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Feb 24, 2010This week's theme
Latin terms in English
This week's words
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A.Word.A.Daywith Anu Garg
PRONUNCIATION:(di JOOR-ee, day JOOR-ay, day YOO-ray, day JYOO-ray)
MEANING:adverb: By right; by law.
ETYMOLOGY:From Latin de jure (from the law). Ultimately from the Indo-European root yewes- (law) that is also the source of jury, judge, just, injury, perjury, and conjure. The complement of de jure is de facto meaning "in practice".
USAGE:"Martin Luther King Jr. dedicated his life to fighting for civil rights and justice for America's black victims of de jure and de facto discrimination."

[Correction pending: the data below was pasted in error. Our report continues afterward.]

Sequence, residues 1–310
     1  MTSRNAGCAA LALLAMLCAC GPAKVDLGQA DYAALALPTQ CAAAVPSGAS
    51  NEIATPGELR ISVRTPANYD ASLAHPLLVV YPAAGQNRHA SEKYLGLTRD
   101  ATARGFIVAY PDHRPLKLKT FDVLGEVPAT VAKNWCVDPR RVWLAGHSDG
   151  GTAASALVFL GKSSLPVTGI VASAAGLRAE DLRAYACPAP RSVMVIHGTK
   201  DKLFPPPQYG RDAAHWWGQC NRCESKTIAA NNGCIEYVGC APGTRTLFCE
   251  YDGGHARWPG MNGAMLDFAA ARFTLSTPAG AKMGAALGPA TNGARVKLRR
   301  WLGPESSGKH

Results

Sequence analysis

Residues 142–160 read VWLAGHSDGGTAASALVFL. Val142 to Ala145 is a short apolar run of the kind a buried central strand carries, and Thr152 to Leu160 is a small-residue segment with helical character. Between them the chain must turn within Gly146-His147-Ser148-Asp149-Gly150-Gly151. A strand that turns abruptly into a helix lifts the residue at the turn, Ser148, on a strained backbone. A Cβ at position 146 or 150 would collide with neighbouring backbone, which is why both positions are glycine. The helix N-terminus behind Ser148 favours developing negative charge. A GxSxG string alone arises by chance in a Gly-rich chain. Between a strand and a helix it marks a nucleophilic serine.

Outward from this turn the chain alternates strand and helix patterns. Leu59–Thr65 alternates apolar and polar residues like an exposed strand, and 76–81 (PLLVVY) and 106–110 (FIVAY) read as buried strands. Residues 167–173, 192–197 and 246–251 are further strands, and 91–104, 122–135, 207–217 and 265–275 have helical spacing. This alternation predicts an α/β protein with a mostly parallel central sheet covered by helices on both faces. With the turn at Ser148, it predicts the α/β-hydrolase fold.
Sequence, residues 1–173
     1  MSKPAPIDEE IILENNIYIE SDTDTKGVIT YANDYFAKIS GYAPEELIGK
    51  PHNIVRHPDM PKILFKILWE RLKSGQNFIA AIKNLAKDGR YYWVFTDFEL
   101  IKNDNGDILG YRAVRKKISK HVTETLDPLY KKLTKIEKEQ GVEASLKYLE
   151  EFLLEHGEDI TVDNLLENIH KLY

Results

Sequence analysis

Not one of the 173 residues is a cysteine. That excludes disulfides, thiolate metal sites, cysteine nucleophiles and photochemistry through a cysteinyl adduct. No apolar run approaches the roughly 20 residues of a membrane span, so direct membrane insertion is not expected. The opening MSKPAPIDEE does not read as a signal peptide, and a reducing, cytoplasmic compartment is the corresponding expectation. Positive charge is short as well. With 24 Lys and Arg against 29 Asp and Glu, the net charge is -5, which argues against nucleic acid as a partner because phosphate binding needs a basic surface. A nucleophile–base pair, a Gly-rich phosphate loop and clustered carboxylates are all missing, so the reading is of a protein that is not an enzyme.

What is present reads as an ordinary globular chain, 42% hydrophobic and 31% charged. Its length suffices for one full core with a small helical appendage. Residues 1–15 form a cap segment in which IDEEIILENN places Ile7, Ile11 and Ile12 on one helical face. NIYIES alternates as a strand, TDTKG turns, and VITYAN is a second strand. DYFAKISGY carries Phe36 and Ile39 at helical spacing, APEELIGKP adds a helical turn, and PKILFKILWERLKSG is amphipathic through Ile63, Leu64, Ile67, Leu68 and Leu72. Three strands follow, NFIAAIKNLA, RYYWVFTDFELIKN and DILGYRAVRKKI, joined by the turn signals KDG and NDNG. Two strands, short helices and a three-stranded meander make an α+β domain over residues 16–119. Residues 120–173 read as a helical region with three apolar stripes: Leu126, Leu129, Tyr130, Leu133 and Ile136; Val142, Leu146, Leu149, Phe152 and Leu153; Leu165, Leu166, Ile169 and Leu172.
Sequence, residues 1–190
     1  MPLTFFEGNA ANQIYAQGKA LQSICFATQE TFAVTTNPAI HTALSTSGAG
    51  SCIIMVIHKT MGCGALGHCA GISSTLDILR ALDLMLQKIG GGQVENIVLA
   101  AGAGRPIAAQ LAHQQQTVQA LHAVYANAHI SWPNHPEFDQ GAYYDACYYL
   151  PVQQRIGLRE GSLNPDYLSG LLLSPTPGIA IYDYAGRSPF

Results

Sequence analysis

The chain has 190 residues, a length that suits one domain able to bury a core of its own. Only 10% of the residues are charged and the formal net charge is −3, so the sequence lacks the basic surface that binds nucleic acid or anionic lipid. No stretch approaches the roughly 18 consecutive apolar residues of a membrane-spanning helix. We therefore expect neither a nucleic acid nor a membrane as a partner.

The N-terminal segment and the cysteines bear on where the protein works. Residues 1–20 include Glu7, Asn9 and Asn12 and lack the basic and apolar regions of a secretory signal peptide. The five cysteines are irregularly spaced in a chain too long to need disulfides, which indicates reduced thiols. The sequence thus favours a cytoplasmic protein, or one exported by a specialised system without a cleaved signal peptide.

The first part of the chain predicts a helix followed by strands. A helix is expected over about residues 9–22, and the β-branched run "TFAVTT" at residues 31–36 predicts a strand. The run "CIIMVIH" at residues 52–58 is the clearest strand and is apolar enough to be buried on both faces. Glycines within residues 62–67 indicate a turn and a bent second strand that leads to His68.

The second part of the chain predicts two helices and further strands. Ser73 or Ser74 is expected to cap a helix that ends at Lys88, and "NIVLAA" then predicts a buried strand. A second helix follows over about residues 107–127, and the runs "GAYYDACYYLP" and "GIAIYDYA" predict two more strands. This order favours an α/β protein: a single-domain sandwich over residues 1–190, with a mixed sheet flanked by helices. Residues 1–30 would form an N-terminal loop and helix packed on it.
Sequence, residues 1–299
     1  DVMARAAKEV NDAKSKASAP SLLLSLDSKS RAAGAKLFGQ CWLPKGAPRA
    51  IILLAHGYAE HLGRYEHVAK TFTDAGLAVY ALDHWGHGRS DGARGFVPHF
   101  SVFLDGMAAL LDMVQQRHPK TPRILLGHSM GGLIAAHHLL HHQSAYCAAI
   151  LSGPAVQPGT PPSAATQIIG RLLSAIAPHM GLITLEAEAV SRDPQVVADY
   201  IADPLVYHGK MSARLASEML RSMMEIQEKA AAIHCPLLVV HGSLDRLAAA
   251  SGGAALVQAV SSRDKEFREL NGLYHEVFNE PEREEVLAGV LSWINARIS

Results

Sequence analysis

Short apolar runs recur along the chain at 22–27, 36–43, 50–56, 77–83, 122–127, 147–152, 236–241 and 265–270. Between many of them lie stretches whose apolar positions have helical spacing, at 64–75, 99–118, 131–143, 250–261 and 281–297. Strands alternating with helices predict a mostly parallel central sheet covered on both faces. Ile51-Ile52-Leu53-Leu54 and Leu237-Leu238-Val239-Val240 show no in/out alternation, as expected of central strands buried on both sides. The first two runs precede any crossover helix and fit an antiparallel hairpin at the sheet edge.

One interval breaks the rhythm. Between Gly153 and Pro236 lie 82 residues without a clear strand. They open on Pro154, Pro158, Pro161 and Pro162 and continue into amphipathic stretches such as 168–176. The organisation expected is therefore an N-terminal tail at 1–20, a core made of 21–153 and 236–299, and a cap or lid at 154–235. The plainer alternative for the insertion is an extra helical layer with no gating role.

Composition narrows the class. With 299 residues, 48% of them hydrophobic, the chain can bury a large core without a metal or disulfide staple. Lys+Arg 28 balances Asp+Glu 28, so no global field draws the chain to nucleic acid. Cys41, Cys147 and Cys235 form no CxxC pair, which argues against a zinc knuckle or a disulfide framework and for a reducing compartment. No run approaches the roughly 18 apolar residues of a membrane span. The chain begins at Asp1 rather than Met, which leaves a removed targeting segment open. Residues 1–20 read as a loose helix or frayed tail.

Bill Maxwell; To Honor King, Live Up to Him; St. Petersburg Times (Florida); Jan 17, 2010.
See more usage examples of de jure in Vocabulary.com's dictionary.
A THOUGHT FOR TODAY:For money you can have everything it is said. No, that is not true. You can buy food, but not appetite; medicine, but not health; soft beds, but not sleep; knowledge but not intelligence; glitter, but not comfort; fun, but not pleasure; acquaintances, but not friendship; servants, but not faithfulness; grey hair, but not honor; quiet days, but not peace. The shell of all things you can get for money. But not the kernel. That cannot be had for money. -Arne Garborg, writer (1851-1924)
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